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Behavioral interviewing: Matching people with the potential to do great work

By Richard Hadden, CSP  

Hiring is one of the most important and far-reaching functions any manager performs. Deciding who does and does not get to play on the team has implications the tentacles of which extend throughout the organization, and for years to come.

Make the right hiring decision and your job as a manager gets immeasurably easier; get it wrong, and your headaches will compound daily.

One tool that helps managers get this all-important decision right more often is behavioral interviewing—a method of conducting job interviews that focuses on specific behaviors in order to discover and identify candidates’ qualities, characteristics, and skills.

Here’s the premise: The most accurate predictor of future performance, in many situations, is past performance in a similar situation.

Although behavioral interviewing has probably been in use, in one form or another, since the ancient Egyptians were quizzing potential pyramid builders, its use has become more widespread and popular since the 1970s—when the research of industrial psychologists gave it more credibility and structure.

The good news is you don’t have to be a psychologist to use it well, but you do need to do it right. A qualified human resources professional, either in your organization or from an outside service provider, can be a huge help.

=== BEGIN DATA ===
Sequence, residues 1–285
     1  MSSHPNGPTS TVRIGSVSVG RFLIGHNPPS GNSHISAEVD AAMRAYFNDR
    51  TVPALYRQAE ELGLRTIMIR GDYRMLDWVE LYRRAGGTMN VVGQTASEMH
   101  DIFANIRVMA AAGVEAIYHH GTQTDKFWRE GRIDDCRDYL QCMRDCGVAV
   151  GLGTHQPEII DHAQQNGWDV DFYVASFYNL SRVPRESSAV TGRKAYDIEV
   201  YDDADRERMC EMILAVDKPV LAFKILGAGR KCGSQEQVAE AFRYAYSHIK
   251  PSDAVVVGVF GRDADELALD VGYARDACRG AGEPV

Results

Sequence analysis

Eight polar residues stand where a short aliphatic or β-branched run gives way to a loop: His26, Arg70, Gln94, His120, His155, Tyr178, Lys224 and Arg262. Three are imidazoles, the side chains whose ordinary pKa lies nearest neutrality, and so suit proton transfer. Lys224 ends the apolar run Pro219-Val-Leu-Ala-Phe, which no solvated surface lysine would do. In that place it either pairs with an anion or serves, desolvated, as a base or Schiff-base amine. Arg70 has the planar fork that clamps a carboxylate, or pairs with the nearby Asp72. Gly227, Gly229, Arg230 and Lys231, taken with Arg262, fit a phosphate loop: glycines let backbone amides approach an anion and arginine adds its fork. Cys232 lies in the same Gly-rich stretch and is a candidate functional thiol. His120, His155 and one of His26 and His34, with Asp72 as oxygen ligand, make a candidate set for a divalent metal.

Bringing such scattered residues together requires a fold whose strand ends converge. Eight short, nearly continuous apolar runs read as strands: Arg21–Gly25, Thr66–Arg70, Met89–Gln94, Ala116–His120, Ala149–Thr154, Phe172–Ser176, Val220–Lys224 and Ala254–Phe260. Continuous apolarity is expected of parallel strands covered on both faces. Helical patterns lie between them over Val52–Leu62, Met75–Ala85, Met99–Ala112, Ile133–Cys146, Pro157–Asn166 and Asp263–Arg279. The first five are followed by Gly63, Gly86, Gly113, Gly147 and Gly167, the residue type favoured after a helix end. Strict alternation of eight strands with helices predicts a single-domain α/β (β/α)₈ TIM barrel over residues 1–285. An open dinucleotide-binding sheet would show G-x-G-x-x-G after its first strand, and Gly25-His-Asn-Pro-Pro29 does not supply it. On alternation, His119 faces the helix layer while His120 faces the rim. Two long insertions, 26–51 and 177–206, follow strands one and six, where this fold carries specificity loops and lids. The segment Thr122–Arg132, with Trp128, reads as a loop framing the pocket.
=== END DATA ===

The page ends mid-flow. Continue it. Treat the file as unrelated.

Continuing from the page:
Setting parameters

Besides linking past and potential situational performance, behavioral interviewing also recognizes that certain qualities or characteristics—let’s call them “dimensions”—are particularly valuable for certain jobs, environments, and organizational cultures.

Behavioral interviewing works best when the interviewer has established a limited set of dimensions that predict success with a particular job in the organization.

For example: Suppose you’re interviewing for a sales professional in the industrial chemicals field. Of course, you’ll have certain educational and perhaps experience requirements for successful candidates.

But beyond that, you’ve determined, after analyzing the job in your organizational culture (which is important because it may be different for the same job in a different organization), that those who have been successful in this role had the following dimensions in common:

• Good oral communication skills,

• Presence (they make a good appearance and a positive impression),

• Resilience (they are able to bounce back when people say “no”),

• Initiative, and a

• Strong ability to influence.

You would then ask questions that help you understand whether or not the candidate you’re interviewing is strong in these dimensions. You ask how they have, in the past, behaved in certain situations or what they might do given a certain hypothetical scenario.

To determine to what degree the candidate possesses good oral communication skills, for instance, you might ask for an example of what he or she did to effectively communicate with someone they didn’t especially like.

You might ask what steps he or she does to ensure a good first impression to look at the dimension of “presence,” and have him or her provide two examples of working under pressure to examine resilience.

Now suppose you’re a manager in a medium-sized, family-owned company. The culture in the company emphasizes individual sacrifice for group benefit. In other words, prima donnas are not suffered lightly and team orientation is paramount.